Meredith had assumed the story was well known and that Gilbert must have told it to the media many times.

“Jamais!” [Never!] Gilbert said.

Intrigued and moved, she pursued the story and with the help of the American consul at the time, obtained a Fulbright grant, enabling her to record a series of on camera interviews with most of the surviving members of the Maquis–French rural Resistance fighters.

She was hoping to make a documentary of the story.

Sadly none of the American OSS commandos were still alive, though she made contact with some of their families and several have visited the Tarn.

The OSS team’s code name was PAT.

Read her full account of the remarkable Fourteen days in August 1944, when the surviving members of the commando unit succeeded in preventing local occupation forces from rushing troops and guns to Provence, where the southern D-Day was launched on a beach near St. Tropez.

They also helped liberate our local town, Castres, from Nazi occupation.

Next year is the 75th anniversary and Meredith is hoping for a large turn-out.

At the war memorial, Monsieur Yvan Cros, one of the few maquisards still alive, laid a wreath in memory of his comrades.

M.Cros with La Porte Drapeau Americaine

As the names on the memorial are read out, each is remembered with the spoken words–Mort pour la France for the French and Mort pour La Liberté for Robert Spaur and Bernard Gautier.


It touches the heart.

 

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I am sitting in the courtyard and two turtle doves are–well–courting–in morse code.

It is perfectly still with a suggestion of a spring breeze–quite sharp.

Ne’er cast a clout ’til May be out…

DOT DOT DOT (OVERHEAD)Dot dot dot (is the answer a little futher off).

Now the dots are fading–a meeting perhaps, behind the church!

I’ve been waiting for the “cuckoo morse”–longer and softer as a call.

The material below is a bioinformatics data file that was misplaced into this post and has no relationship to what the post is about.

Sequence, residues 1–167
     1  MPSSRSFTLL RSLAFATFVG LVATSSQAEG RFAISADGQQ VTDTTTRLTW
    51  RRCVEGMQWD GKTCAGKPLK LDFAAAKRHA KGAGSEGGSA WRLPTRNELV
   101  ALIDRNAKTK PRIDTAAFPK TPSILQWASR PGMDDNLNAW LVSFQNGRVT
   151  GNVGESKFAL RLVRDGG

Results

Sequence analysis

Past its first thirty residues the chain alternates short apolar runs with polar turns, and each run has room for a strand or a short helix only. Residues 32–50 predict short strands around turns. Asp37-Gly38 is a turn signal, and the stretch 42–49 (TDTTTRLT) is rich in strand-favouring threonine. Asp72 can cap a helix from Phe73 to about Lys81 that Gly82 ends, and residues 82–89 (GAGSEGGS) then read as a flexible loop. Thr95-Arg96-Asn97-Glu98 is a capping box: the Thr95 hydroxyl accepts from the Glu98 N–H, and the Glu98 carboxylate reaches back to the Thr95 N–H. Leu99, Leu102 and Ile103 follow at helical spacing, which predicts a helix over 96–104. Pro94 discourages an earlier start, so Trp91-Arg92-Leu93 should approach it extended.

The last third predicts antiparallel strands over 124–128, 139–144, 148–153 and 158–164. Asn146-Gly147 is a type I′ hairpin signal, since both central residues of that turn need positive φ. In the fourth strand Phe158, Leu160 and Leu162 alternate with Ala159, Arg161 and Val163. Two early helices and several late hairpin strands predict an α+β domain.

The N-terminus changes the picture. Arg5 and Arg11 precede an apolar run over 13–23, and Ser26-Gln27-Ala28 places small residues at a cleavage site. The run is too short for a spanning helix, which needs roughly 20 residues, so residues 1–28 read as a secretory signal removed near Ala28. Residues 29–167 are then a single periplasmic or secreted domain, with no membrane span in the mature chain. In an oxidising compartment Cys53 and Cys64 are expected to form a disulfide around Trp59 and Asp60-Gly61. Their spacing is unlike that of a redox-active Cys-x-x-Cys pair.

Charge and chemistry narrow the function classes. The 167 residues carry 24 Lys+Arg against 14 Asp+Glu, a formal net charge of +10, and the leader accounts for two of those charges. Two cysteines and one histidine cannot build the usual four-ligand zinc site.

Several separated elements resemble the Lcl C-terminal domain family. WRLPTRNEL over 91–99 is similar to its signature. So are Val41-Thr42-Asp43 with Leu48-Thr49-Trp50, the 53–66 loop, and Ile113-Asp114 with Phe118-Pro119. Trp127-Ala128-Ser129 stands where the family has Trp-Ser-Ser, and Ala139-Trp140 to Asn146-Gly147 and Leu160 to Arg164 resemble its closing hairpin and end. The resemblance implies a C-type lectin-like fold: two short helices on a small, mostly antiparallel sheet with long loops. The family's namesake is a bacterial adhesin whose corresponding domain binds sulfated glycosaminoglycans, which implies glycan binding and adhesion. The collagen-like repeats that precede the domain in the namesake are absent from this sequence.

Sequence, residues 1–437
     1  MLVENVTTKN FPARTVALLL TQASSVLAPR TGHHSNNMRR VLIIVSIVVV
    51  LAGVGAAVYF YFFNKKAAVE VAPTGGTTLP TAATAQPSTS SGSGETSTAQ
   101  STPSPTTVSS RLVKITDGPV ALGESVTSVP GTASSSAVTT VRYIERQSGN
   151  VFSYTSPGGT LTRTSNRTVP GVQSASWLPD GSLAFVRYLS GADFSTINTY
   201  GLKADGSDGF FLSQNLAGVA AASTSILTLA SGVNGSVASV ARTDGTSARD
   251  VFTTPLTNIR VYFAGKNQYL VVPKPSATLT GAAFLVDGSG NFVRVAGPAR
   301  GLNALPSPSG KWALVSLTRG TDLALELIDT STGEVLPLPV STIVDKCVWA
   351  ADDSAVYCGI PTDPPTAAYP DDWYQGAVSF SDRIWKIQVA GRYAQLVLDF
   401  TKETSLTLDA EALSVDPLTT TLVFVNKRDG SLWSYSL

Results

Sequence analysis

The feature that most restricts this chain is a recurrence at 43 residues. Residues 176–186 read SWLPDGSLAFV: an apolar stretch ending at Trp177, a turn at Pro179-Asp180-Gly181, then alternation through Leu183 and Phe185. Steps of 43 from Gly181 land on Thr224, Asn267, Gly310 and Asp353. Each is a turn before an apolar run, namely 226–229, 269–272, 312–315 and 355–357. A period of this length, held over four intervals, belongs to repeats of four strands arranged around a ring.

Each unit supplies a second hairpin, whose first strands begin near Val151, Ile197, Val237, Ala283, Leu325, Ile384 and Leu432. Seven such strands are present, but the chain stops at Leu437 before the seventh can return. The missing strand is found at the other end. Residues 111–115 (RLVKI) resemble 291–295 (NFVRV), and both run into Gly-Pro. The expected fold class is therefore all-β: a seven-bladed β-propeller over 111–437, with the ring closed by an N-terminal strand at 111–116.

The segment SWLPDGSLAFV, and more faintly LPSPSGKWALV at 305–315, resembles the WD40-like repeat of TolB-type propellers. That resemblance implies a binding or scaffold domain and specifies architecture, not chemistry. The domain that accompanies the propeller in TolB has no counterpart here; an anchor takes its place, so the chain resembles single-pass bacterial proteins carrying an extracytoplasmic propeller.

At last–yesterday afternoon–there it was–a brief, but unmistakeable COO-coooo.

A sign that things are moving on.

There are others.

Our neighbor–farmer Pierre, passed earlier on his tractor.

He’s been busy.

Some of his fields are showing garlic, looking proud–about six weeks to harvest.

Others are pale green with wheat and barley–shifting in the breeze.

Into this patchwork of greens and looking out of place are empty fields of brown–finely tilled–waiting to show….

My guess is sunflowers.

Last week the markets were struggling to offer anything new–but today, it changed.

Small artichokes tightly packed and bunched in fours, peas and broad beans have joined the upstanding green and white asparagus.

It is a relief to see some action.

Dill, tarragon and chives joining the parsley this week and large spring onions.

I have been busy too; making Vignarole–a vegetarian spring speciality in Roman trattorias.

The same artichokes, peas, broad beans and spring onions with a shredded lettuce.

The preparation is labour intensive–but the cooking is the simplest imaginable.

The eating as I remember is sublime.

We’ll see if it gets the DING from Meredith ce soir.